A tear to the anterior cruciate ligament can be very painful. It’s one of the most common major ligaments of the knee to tear. An ACL injury is very common in athletes, especially those participating in basketball, soccer, or football.
An ACL tear makes for an unstable knee, and, without treatment, can severely affect the function of the knee. The knee joint will also be more prone to further injury of the meniscus and surrounding cartilage. Arthritis may also develop if treatment is not pursued. Only about 20 percent of patients can recover successfully from an ACL tear without surgery. The knee has a tendency to deteriorate over time if not treated properly, leaving devastating long term affects to the patient. Though tearing the ACL was once a career ending injury, new advancements in medicine and treatment techniques have made into a highly-treatable condition.
ACL reconstructive surgery provides a wide variety of options to surgeons in the repairing of the ligament. Tendon grafts can be created with a variety of tendons harvested from certain parts of a patient’s body or a donor. These grafts are called autograft (from the patient) and allograft (from a donor).
Prior to surgery, Dr. Millstein will choose which type of graft is best based for each individual patient. Each tissue being harvested requires a different method of harvesting. Though autografts have been the standard for many years in ACL reconstruction, allografts are becoming more popular with new safety standards.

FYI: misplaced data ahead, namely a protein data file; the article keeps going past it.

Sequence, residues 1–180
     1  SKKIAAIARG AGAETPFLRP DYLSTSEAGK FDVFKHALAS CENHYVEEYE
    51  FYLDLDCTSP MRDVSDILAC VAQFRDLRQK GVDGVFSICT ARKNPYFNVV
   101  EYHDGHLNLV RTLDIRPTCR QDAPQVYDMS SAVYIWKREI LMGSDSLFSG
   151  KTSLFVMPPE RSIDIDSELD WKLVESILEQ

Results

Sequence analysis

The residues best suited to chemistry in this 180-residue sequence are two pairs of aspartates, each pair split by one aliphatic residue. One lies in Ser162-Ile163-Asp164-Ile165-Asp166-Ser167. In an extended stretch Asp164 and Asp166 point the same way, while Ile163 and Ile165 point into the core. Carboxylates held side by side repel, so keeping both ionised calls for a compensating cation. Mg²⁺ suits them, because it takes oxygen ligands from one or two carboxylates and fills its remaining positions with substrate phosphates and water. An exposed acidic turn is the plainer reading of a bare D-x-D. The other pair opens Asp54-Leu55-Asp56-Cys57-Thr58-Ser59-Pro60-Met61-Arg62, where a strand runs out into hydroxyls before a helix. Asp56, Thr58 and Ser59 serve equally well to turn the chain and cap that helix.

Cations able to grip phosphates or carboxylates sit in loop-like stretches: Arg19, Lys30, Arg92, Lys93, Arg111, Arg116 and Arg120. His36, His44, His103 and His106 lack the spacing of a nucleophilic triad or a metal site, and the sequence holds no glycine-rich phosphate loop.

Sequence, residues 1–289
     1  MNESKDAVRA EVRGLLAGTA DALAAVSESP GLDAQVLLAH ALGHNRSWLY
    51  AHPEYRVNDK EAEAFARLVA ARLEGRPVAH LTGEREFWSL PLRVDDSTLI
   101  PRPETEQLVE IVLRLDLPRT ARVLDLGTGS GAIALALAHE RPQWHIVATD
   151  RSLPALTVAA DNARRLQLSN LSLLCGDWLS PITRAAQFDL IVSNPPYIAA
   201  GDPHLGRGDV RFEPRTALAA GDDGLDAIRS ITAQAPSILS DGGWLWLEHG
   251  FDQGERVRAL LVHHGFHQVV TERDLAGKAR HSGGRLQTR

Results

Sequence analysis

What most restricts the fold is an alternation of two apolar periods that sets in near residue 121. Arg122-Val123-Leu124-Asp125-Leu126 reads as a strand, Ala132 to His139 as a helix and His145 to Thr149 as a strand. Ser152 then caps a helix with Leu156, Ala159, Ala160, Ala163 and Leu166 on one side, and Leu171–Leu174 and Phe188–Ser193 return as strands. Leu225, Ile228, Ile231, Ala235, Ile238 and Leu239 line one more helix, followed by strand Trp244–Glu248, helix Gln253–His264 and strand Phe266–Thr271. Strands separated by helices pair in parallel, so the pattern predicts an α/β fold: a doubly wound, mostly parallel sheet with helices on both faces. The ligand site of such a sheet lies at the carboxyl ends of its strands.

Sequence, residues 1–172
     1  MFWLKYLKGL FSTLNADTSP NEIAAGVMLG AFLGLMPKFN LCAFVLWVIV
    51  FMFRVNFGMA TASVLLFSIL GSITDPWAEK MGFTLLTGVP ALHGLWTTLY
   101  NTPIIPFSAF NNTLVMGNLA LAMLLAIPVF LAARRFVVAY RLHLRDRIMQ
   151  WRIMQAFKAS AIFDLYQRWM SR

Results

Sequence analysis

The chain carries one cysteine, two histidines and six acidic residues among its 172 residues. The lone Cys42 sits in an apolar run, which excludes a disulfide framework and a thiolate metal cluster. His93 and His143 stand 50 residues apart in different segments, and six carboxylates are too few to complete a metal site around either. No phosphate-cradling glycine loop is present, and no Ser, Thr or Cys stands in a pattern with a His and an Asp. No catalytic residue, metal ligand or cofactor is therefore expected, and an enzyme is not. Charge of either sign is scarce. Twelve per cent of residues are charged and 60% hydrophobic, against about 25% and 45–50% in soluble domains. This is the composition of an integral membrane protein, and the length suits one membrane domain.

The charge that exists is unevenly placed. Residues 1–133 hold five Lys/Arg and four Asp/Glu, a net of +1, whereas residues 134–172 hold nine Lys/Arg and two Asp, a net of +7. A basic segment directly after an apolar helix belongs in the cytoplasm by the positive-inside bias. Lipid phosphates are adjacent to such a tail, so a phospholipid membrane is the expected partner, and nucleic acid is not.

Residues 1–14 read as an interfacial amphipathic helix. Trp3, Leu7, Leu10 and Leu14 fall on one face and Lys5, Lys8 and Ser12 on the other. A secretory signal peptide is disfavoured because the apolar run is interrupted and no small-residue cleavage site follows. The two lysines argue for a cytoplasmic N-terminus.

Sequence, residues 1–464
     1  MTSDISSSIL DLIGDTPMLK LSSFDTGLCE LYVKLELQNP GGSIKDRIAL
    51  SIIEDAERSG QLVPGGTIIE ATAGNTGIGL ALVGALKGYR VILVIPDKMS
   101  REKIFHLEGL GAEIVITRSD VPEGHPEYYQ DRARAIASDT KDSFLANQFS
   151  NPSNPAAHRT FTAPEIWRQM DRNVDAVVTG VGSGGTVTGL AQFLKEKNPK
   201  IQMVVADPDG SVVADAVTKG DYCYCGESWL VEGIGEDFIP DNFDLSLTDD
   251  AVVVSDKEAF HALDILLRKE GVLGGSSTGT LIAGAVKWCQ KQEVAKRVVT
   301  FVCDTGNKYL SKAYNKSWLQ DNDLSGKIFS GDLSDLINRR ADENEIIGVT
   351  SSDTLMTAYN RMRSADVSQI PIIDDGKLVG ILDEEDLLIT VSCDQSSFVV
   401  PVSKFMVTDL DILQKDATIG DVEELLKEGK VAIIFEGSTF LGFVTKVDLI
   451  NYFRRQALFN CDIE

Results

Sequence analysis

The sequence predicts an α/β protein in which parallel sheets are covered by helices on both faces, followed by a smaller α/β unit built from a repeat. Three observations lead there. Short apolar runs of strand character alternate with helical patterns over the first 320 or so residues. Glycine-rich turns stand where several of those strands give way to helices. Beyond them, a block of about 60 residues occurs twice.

Arthroscopy is one of the greatest advancements in ACL treatment. Since 1987, arthroscopic technology has made ACL repair easier as surgeons do not need to cut the knee open. At the time of surgery, arthroscopy allows a complete examination of the inside of the knee. All damage from the injury can be assessed, including other parts of torn cartilage, bone chips, and any other problems in the knee that could be causing pain and debilitation.
What is Arthroscopy?
Arthroscopy allows for a new anterior cruciate ligament to be made for the knee without making a large cut on the surface of the knee. During an arthroscopic surgery, a small incision and three smaller cuts for the arthroscopic tools are made. Drill holes are made in the bones to place dissolvable screws that hold the new ligament in place.
The best material used to build an ACL is tendon tissue from the body. The tissue harvested for the repair process is dependent on a patient’s injury. Some tendons cause less pain in the harvesting process than others.
Arthroscopy also allows patients to have surgery in an outpatient setting and return home the same day. Patients are encouraged to keep active and begin bearing weight on the joint within a week following surgery to begin the recovery process.